Some more years ago than I can exactly remember, my daughter gave me a compass as a present. It was a round brass disk. Inside, under a glass, was a needle hovering over an etched, brass compass card.
|A brand new, shiney brass compass. This is exactly what my compass looked like when my daughter game me mine.|
I liked the weight of this compass.
I didn’t, however, know what to do with it. It was too impractical for navigational use on my boat. It was too kitschy for display on a shelf. Yet that’s exactly what it did for a few years.
Every now and then I would pick it up and play with it and wonder what I should do with this thing which couldn’t be used for either of its intended purposes.
One day, it came to me: I opened the cover, smashed the glass and removed the needle.
I had freed it of its imposed restrictions. Some people and things prefer the perfection of the needle. Others work better in the freedom of relativity.
Since many more years before my daughter gave me this compass, I have had a fascination with compasses. I can trace my awakening to their inherent metaphor back to a volume of poetry, “Compass of the Heart,” by Burlington, Vermont poet Robert W. Caswell.
I suppose I have always believed if given enough time to contemplate and enough space away from life’s loudness, we can all find the answers to our own selves; that we have a internal needle in each of our hearts which will guide us toward what is right. And good. And what we want.
Since the beginning of stories, humans have been fascinated with tales of finding magical providers of what we want.
Think of the magic lantern and its genie who grants wishes. Think of the Fisherman and His Wife, who catch a fish with such powers.
Even before written stories, the Aztecs carried fetishes; small carvings imbued with the powers to provide desired traits and qualities.
A compass is such a fascinating tool with complex paradoxes. It relies on an invisible force deep within the largest thing tangible to us: the Earth. Yet, the only way to perceive this powerful force is to create a delicate instrument. If manufactured correctly, it will always point in one direction. Yet by doing so, we can travel in all directions.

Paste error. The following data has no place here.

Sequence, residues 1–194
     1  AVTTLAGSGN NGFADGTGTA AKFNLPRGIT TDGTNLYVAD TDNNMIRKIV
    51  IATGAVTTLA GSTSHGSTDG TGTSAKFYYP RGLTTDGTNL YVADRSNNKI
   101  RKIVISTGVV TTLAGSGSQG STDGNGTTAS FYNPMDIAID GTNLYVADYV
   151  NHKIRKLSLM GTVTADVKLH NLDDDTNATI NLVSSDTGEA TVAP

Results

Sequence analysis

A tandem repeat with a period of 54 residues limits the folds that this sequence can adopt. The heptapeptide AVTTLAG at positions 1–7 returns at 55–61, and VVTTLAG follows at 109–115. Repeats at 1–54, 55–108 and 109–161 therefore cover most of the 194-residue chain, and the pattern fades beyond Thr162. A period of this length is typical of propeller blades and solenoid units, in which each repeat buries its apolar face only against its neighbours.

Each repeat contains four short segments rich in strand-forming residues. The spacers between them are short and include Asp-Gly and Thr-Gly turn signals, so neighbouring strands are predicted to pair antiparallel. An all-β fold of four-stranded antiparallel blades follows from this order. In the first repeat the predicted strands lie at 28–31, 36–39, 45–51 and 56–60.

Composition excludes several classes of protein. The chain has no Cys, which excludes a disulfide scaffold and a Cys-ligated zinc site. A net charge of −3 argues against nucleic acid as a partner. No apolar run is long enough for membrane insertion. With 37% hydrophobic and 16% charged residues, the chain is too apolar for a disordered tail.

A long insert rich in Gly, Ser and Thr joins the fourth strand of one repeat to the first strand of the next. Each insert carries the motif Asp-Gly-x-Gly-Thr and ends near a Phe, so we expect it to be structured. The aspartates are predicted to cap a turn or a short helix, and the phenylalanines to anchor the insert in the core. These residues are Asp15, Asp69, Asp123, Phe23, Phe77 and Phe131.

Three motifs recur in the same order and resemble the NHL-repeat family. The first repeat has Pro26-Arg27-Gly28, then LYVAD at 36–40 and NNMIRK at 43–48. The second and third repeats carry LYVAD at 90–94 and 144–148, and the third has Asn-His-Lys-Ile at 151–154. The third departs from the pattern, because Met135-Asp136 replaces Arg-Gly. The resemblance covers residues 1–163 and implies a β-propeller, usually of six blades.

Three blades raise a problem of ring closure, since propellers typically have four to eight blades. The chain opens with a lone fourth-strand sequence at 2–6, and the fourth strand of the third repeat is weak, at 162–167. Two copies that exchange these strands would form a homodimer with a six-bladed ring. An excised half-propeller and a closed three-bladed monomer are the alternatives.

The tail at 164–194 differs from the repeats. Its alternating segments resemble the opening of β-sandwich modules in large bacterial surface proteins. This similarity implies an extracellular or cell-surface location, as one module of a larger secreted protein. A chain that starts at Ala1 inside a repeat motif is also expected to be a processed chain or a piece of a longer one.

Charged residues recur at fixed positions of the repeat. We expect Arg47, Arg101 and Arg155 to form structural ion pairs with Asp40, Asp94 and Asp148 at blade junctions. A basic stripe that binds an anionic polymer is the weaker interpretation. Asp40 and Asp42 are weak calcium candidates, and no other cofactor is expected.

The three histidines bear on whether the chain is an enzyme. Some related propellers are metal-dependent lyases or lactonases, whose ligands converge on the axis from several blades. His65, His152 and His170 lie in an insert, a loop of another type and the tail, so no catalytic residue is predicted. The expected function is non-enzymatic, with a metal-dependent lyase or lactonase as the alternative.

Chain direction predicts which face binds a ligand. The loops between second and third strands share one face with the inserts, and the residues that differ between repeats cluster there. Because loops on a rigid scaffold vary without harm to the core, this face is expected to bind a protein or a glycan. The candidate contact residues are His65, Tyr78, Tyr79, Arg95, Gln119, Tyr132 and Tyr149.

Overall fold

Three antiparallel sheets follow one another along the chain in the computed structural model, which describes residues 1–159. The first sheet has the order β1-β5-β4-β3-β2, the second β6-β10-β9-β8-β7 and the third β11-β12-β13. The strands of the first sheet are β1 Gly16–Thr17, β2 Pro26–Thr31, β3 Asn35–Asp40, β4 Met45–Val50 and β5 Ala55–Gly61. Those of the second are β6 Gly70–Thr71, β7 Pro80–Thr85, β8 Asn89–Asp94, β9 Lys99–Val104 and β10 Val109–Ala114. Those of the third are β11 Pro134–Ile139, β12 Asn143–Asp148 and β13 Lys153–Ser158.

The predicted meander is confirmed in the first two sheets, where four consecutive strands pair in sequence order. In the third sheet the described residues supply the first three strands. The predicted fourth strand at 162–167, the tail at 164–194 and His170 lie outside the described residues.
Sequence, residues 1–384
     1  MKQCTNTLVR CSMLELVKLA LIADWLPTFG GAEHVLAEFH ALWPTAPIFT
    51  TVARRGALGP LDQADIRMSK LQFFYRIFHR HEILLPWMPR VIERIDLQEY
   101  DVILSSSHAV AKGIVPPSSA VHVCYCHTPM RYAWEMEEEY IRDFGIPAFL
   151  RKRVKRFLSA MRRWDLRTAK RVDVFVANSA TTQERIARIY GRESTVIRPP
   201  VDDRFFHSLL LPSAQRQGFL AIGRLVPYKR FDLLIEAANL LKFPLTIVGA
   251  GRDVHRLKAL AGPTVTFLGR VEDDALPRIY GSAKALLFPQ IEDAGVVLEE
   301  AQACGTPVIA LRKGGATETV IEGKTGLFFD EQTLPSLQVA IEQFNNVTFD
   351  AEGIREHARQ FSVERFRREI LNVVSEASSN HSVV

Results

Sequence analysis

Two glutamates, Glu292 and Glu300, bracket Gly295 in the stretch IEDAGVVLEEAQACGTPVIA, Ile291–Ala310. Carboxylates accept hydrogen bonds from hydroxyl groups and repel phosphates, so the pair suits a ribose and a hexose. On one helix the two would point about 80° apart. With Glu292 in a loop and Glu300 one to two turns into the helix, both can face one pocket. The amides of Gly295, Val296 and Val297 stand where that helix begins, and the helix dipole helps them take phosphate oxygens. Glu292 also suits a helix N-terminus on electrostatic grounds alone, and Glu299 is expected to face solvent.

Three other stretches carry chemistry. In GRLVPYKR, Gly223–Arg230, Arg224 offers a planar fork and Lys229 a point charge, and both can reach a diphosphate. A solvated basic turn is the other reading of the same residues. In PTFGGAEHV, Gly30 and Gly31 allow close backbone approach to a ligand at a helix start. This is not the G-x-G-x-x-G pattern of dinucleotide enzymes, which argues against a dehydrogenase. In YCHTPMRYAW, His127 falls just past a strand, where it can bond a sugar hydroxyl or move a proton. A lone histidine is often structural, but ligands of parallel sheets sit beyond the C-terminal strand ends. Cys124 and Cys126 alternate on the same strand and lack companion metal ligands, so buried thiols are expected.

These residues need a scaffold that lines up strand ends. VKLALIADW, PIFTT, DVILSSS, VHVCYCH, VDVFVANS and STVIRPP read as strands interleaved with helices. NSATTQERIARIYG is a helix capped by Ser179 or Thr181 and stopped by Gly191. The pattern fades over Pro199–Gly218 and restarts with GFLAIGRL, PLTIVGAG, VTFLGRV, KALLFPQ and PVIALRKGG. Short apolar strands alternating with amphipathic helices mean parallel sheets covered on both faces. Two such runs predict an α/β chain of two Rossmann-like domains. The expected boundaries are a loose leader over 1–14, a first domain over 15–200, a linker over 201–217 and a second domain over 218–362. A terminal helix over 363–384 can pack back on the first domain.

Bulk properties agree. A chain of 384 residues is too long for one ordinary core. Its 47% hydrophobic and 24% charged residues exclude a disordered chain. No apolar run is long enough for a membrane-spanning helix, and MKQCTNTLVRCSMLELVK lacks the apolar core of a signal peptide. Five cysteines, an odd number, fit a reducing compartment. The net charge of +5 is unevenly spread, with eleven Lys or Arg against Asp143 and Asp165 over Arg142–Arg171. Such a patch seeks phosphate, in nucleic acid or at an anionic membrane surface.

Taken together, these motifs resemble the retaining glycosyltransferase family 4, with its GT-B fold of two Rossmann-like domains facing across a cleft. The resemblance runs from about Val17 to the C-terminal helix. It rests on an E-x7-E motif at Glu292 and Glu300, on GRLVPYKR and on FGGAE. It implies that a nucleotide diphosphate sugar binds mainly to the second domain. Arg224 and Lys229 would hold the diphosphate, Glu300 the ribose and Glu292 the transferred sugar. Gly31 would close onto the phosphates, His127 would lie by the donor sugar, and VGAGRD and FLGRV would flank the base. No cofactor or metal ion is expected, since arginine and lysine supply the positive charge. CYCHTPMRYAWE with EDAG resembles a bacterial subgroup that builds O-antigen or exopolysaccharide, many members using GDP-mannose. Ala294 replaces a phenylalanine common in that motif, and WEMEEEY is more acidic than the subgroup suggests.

We use a compass to know in which direction to go, but to go in any direction, we must first know the destination we want.
So in essence, a compass helps us arrive at what we want.
And depending on what we want, a compass sometimes works best without a needle. Because sometimes the direction is not on a flat plane. Want can be a destination sometimes only achieved through time. And often through emotional turmoil. It is rarely a linear, logical or rational path.
In such ever-morphing territory it is easy to get disoriented and lost. Which is why is it good to have a compass that keeps you connected to your own inner powerful force and helps you relocate your want.
My brass compass had now become exactly this type of instrument. The compass of my want.
The way it works is much the way a standard compass works. I would open the compass and ask myself, “What do I want?”
The compass does not always provide a clear answer. Its power lies more in returning to it again and again, repeating the question.
The beauty of how it works is so simple that it is vulnerable to being dismissed: Any answer will do. Because then, of that answer, I repeat the question: “Is this what I want?”
So one answer leads back to the question, which may lead to a different answer, which is more of what I want than the first answer. Eventually I find a want which doesn’t seem to vary too much. The invisible needle settles into one direction.
The more I use my compass, the more nuanced the process has become. At its simplest, however, my compass is truly as magical as that: I ask it what I want and it helps me find my answer. Not always, of course, but often. Ok, maybe only often enough. Well, sometimes. The important times.
Some weeks ago, as you know, our boat burned and sank. We escaped with nothing more than the clothes on our back. Almost immediately, every one, in their desire to dispel our depression, suggested that we should get a new boat. It is a normal human instinct to want to cheer someone up, but now I know that what is most important is just to be there for someone who has just experienced a great loss. I needed people to simply acknowledge my pain, validate my feelings. Because then I didn’t have to feel guilty for my sadness.
Dolphins had died and there were five stages of grief to experience first before I could think about anything else. Get a new boat? I didn’t know if I wanted that yet. I didn’t know if I wanted to continue this journey. Some of me longed to be home again, in the comforting bosum of Vermont. Just rake some fall leaves. Spend time in my quiet study, waiting for the snow and letting my fingers eventually find the right keys on my manual typewriter to write about my loss.